ABC FIGURES: Publishers find solace in flagship magazines

A tough set of ABCs has focused attention back on publishers' flagship brands and away from the specialist sectors and quick marketing fixes that have occupied much of the industry's investment over recent years.

A tough set of ABCs has focused attention back on publishers' flagship brands and away from the specialist sectors and quick marketing fixes that have occupied much of the industry's investment over recent years.

The computing sector, which had proved such a boon for publishers in recent ABC releases, was held back by serious losses among games titles in particular. The decline served to pin back the topline results of specialists in the sector such as Future Publishing, which saw a meagre 4 per cent year-on-year increase in circulation despite a profusion of new launches.

With the sudden cooling of new technology, the continued decline of the homes and gardens sector and the lack of positive news from special interest fields such as boating, pets and classic cars, mass-market publishers are once again left to concentrate on the management of their flagship brands. However, an over-dependence on promotions has left several of these titles in an uncertain state.

IPC suffered badly in several areas. In the women's lifestyle sector, where heavy covermounting seems to have played havoc with brand loyalty, each of its established titles suffered a serious year-on-year drop, although there was a respectable debut for the fashion title Nova.

Things were a little better among the men's titles, where a bulked-up Loaded succeeded in posting its first period-on-period increase for four periods - but Later continued its catastrophic circulation decline.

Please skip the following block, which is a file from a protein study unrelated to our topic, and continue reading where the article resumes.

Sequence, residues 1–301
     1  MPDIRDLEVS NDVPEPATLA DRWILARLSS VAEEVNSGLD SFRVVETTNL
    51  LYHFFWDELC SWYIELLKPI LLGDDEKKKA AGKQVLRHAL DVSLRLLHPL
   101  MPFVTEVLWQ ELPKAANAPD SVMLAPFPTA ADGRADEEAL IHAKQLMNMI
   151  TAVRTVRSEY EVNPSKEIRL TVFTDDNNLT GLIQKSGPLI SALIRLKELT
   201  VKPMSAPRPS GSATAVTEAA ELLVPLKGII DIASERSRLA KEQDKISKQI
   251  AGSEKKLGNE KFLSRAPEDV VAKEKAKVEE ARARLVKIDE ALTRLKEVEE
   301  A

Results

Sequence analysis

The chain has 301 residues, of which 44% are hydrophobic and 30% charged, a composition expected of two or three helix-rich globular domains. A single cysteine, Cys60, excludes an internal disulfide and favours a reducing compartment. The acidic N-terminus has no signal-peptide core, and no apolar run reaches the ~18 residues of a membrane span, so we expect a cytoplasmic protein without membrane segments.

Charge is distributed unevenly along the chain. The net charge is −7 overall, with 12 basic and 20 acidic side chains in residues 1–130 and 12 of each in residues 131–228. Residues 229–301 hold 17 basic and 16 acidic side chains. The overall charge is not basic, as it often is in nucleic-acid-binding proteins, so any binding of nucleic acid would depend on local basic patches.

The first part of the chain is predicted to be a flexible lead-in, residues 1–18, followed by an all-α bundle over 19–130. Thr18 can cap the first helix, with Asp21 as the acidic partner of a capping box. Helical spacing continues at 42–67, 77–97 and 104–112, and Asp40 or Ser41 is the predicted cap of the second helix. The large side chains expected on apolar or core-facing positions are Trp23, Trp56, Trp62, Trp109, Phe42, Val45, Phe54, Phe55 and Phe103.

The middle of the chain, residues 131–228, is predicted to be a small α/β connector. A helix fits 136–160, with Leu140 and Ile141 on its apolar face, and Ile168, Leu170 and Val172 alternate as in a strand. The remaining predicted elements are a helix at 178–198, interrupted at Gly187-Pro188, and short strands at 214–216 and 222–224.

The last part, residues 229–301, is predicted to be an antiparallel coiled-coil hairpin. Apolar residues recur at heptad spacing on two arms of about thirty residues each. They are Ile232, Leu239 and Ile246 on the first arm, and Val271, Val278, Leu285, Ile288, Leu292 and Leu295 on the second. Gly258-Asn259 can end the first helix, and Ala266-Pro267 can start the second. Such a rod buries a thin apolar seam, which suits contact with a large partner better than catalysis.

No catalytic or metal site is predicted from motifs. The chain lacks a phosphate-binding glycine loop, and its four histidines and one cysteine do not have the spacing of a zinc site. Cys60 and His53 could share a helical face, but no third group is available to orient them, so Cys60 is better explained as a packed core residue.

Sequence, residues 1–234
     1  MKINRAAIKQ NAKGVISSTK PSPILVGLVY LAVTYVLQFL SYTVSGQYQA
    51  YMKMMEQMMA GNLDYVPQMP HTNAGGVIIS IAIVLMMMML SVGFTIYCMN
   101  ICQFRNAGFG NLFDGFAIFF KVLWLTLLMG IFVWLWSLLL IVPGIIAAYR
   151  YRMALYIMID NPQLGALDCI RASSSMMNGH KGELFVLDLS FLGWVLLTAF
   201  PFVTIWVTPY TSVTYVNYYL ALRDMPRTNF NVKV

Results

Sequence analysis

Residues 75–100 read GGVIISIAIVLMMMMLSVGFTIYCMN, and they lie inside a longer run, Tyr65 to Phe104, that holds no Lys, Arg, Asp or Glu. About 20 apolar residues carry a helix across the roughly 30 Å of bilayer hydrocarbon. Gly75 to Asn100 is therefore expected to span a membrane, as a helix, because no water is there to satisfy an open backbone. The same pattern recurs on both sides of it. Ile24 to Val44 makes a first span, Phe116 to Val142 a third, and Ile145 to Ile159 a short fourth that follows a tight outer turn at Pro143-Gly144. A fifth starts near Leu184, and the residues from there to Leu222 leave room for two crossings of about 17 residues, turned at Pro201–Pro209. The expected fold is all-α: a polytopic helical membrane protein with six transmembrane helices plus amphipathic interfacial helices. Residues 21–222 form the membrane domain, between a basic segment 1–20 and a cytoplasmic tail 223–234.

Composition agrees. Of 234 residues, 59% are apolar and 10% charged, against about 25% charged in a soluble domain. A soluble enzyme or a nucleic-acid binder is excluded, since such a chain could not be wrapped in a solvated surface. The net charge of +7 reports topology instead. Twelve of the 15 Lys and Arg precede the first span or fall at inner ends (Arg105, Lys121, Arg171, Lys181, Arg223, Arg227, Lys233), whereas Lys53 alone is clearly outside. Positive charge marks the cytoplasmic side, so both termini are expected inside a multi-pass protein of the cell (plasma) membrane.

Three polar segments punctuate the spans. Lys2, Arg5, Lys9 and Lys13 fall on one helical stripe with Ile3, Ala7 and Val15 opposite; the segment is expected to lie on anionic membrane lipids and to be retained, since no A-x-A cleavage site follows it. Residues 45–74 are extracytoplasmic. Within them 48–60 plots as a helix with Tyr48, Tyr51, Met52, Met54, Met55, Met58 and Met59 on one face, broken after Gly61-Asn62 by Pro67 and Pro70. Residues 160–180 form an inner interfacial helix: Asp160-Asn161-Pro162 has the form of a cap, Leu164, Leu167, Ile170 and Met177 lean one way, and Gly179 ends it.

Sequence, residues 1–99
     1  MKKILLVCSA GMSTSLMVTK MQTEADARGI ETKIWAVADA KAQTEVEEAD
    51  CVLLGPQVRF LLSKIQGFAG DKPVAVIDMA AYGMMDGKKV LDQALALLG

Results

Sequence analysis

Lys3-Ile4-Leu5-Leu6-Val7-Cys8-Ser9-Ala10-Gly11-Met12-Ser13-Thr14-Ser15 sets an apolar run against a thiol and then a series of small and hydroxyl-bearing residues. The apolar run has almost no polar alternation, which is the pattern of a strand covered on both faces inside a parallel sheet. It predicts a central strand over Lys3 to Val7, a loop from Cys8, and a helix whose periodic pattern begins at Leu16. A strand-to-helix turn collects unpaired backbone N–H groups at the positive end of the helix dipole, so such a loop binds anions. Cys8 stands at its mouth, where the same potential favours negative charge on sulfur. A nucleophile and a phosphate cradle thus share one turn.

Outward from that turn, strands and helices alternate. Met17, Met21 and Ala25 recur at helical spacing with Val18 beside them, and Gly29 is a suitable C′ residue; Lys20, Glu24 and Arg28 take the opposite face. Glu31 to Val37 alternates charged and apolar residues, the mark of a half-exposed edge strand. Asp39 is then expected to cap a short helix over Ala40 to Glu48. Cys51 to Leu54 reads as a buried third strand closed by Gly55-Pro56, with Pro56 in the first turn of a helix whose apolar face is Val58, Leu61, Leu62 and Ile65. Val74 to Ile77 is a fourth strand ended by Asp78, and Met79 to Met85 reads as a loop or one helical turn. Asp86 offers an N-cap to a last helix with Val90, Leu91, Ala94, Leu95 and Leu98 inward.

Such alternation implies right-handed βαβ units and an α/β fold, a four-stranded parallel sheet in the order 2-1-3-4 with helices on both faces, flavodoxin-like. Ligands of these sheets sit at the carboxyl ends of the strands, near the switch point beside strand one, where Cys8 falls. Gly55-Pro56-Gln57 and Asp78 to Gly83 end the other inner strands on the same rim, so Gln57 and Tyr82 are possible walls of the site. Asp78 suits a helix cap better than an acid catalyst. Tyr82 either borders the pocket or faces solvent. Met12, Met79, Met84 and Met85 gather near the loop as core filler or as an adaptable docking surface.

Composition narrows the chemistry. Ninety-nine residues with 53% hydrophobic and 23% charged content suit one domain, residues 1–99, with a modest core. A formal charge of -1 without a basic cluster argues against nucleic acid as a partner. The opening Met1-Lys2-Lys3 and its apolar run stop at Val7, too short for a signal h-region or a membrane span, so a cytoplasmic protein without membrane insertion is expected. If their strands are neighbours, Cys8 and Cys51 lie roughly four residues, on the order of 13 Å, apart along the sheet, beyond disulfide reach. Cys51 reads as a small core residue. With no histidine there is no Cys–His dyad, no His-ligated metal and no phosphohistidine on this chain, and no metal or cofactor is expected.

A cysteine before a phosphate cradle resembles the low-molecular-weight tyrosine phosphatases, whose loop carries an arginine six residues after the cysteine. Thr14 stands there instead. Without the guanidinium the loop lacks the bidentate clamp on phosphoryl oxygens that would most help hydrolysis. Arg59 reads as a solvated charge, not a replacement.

IPC Media's chief executive, Sly Bailey, has vowed to reinforce core brands through above-the-line marketing, but will need competitive products to back up the policy.

BBC Worldwide also saw several titles take a pounding, with Match of the Day, Live & Kicking and Top of the Pops all underperforming badly.

Emap saw Red suffer along with most of the mature women's market but could point to strong performances from flagship titles such as Elle and FHM, which gave a timely reminder of their dominance in the respective fashion and men's sectors.

Conde Nast again produced a steady set of results, with Traveller's continued success offsetting the losses suffered by Tatler.

The National Magazine Company, meanwhile, could claim to have outperformed the tricky women's lifestyle market. A circulation rise for Good Housekeeping, a storming performance from Company and a steady one from Cosmopolitan all served to offset the decline of Esquire and the absorption of the circulation-shedding former Gruner & Jahr titles Best, Prima and Focus.

'There are a lot of products out there but few genuine brands,' NatMags deputy managing director, Duncan Edwards, said. 'If you produce consistency over time, then you will be successful.'



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